As part of efforts to tackle the climate crisis and achieve carbon neutrality, Germany’s state-owned rail company Deutsche Bahn (DB) announced it will begin testing a new hydrogen train set.
Developed in partnership with Siemens, instead of burning conventional diesel fuel, the unit is powered from a reaction of hydrogen and oxygen to create electricity. Water is the only byproduct.
With a range of 600 kilometers (around 400 miles) and top speed of 160 kilometers an hour, Deutsche Bahn believes the new train unit could prevent around 330 tons of carbon dioxide pollution a year.
Test runs to begin by 2024
Ahead of trial operations in the southwestern state of Baden-Württemberg, over a three year period, DB will begin converting one of their maintenance shops into a new hydrogen “gas station,” according to the company.
“The fact that we will produce hydrogen on-site from green electricity and will refuel the train as quickly as a diesel train shows that the climate friendly transport turnaround is possible,” says Professor Sabine Jeschke, DB board member for digitalization and technology.
Siemens’ hydrogen fuel cell-powered prototype . The design allows for a modular system, meaning it could also be powered by existing overhead lines as well, depending on where it runs.
Thousands of kilometers to go
Though the majority of Germany’s rail network is electrified, some 13,000 kilometers of track, almost 40% of the system, still remains diesel powered. Since the rail company is obliged to end carbon emissions by 2050 or sooner, “We have to bring fossil fuel consumption to zero. Then we will not run a single vehicle with conventional diesel,” said Jeschke.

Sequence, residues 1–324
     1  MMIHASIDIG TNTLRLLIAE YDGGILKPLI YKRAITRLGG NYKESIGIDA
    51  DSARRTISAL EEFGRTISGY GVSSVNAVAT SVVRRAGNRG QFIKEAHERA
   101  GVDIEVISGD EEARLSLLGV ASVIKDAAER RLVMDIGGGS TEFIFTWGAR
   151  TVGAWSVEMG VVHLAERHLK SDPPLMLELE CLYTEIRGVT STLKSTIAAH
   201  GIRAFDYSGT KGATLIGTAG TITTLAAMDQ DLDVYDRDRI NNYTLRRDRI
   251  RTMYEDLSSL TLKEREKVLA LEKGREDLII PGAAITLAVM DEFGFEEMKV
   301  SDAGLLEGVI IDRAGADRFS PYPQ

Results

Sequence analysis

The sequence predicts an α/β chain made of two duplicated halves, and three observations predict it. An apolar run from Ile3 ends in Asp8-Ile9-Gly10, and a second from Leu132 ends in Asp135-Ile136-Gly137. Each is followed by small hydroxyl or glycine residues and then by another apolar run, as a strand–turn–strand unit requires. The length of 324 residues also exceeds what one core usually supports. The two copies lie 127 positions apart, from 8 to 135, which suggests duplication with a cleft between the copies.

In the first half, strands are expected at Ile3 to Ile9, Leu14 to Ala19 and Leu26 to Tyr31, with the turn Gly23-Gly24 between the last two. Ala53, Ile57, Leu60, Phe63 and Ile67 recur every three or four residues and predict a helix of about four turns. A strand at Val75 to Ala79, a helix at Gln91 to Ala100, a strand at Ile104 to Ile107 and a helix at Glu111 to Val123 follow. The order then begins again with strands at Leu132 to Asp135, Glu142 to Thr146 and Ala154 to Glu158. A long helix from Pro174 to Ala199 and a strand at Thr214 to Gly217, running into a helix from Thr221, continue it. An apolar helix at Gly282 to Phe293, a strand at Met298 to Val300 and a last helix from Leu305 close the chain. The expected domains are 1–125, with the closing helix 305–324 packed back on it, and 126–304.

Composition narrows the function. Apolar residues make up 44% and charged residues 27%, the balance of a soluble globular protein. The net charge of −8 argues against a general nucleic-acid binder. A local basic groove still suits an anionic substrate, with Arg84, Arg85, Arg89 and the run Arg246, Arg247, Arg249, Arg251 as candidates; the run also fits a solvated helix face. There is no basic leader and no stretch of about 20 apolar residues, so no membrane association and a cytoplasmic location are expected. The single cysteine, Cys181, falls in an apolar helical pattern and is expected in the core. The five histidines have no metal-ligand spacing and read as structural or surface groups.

Deutsche Bahn is aiming to increase the proportion of green energy used in its network from a current 60% share to 100% by 2038, when the nation’s last coal-fired power plants are set to close.
Stimulus funds green hydrogen development
As part of Germany’s coronavirus stimulus package, earlier this year Berlin announced a €9 billion ($11 billion) fund to develop the role of “green” hydrogen produced from renewable energy systems.
Though most hydrogen used today is derived from fossil gas and coal, over the next decade, green hydrogen is expected to become cost competitive with fossil fuels and play a key role in decarbonizing industry, heating, and transport.
mb/sri (AFP, Reuters, dpa)
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